Sunday, May 10, 2015

Women We Love: Ida Ruskin

Ida Ruskin, 1962

A few months ago Lynn Mally suggested I write a portrait of my mother's style for her blog, "American Age Fashion". My mother's style was well-defined, and she encouraged my love of fashion and design. I'm republishing it here because I haven't mastered the technique of getting you to another website with one click. Please enjoy, and if you can, call your mother.

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If I could describe my mother's fashion life in one word it would be disciplined. While that may sound strict, the thoughtful restraint she showed in dress served her well as she handled life's twists and turns. Her two favorite expressions were, "God helps those who help themselves" and "No use crying over spilled milk".

My mother was not born a beauty but became beautiful as she matured. She was trimmer and more stylish in her 50s than as a young wife and mother. And she never let herself go. One of my last memories before her death at age 89 is bringing new blouses to the nursing home for her approval. There she was something of a fashion star, known for always wearing a tailored skirt and sophisticated print blouse. And my grief after her death was never greater than when I would spot a blouse I knew she would have loved. How many people mourn their mothers at TJ Maxx?

But let’s back track. Free association…

She favored tailored separates— shirts or blouses or jersey tops, pencil or a-line skirts, dressmaker suits. She was not a “boyfriend” anything or a “girlie” anything. She liked a “good cloth coat” and small pieces of costume jewelry and couldn’t care a fig about precious jewels.

She knew how to tie a scarf, a trick I never mastered. She used the girl scout knot.

She put her stockings on with an old soft pair of white gloves so they wouldn’t run.

In her 40s (divorced and working as a private secretary) she started a subscription to Vogue (and cancelled Better Homes & Gardens). She never lusted for anything except a red leather clutch she saw in Vogue in the spring of 1954. My sister and I chipped in and bought it for her. It was $10.

She liked brown and white or navy and white spectator heels in summer. At some point these were replaced by black patent leather (probably when spectators were no more).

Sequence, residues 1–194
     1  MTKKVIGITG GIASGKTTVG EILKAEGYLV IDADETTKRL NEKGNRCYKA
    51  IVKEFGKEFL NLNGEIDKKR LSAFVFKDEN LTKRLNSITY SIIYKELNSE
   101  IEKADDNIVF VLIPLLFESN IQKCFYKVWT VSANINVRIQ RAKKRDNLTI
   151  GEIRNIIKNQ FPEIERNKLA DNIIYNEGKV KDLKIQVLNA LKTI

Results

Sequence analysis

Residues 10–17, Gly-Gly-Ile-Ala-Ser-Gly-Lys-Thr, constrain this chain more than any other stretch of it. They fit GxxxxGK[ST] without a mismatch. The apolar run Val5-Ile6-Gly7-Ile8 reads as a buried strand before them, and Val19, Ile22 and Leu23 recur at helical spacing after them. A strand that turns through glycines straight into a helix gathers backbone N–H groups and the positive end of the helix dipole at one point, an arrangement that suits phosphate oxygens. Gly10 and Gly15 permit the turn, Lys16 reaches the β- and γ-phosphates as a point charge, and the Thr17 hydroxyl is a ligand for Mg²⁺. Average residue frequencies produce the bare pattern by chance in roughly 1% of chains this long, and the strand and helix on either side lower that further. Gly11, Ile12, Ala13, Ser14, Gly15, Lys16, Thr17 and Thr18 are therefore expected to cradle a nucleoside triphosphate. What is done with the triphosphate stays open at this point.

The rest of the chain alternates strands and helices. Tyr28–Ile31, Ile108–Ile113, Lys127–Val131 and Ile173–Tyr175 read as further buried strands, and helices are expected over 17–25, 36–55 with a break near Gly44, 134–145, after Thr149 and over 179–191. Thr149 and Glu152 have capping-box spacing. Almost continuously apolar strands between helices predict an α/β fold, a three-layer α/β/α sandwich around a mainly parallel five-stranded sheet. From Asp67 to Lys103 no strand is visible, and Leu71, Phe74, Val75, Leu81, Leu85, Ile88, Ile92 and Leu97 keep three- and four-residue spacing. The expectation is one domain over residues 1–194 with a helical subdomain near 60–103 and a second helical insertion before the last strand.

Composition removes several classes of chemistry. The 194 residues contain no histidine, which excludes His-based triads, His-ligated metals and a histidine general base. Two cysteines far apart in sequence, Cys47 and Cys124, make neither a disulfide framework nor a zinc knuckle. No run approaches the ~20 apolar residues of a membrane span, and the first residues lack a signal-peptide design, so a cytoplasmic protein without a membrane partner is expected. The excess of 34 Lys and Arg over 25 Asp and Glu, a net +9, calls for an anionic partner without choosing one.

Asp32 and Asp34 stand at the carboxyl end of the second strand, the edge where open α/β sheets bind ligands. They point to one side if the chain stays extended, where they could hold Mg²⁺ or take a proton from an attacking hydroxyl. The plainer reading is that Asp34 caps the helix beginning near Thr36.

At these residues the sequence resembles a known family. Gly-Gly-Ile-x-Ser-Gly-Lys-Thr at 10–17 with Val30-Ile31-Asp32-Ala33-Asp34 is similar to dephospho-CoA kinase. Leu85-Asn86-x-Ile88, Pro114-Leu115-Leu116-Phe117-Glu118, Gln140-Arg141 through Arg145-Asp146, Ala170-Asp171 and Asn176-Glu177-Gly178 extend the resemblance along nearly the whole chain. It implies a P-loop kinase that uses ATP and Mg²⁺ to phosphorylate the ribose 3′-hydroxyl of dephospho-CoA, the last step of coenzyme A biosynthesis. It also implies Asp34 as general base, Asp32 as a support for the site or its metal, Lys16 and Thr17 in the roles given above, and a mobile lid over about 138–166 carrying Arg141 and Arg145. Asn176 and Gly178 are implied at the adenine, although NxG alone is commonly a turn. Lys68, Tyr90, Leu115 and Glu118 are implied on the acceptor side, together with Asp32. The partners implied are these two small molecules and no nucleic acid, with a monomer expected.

Before I came along, wearing spectators

She never wore old clothes to do chores. She didn’t own any. Everything was in good condition, clean and pressed. That meant wearing a house dress for housework with sometimes an apron over that.

I never remember her wearing black. Her basic color would be brown in fall/winter and navy in spring/summer.

In the 1960s she had a color epiphany and wore kelly green or bright yellow. She had a little more fun with fashion after that.

She moved to New York City in her 50s and retired from her office job at 62, then began dressmaking for editors at Condé Nast and for an ad agency with a fabric account. She worked part time at Lord & Taylor and discovered her wanderlust. She planned travel wardrobes as thoroughly as itineraries.

She wore pants first in the late 1960s when she began going on cruises. They were not for day. Her pants were evening slacks, and I suspect she never felt comfortable in them— or on the cruises.

She never met a leopard she didn’t love. She once had a leopard belt made from the genuine animal— about 3 inches wide with a square leather buckle. It’s stunning; I have it but can’t bear to wear the real thing.

She purchased shoes, gloves, girdles and bras (custom made by Edith Lances as she was hard to fit) and bought nightgowns but sewed everything else, even her bathing suit.

One of my fondest memories was of the two of us spending a weekend sewing. We’d cut, mark and baste on Saturday and sew all day Sunday. The machine was in the hall, the ironing board in the kitchen. Meals were taken on the run, but we were each wearing new outfits on Monday.

Shoes played a major role in her life. She met my father when she saw him working in a shoe store and finally went in to try him on for size. She wore 7 1/2 AAAA, very hard to find, so she was always looking for shoes (not more husbands). And shoes did her in. She tripped on a sidewalk in New York City and broke her foot badly. It never healed and put her into Sensible Shoes and a lot of pain thereafter. She was wearing beautiful Delman pumps at the time, so padded for comfort that her feet barely sat in them. She was 75. If I learned anything from that, it is to wear flats.

Ida Ruskin, 1972

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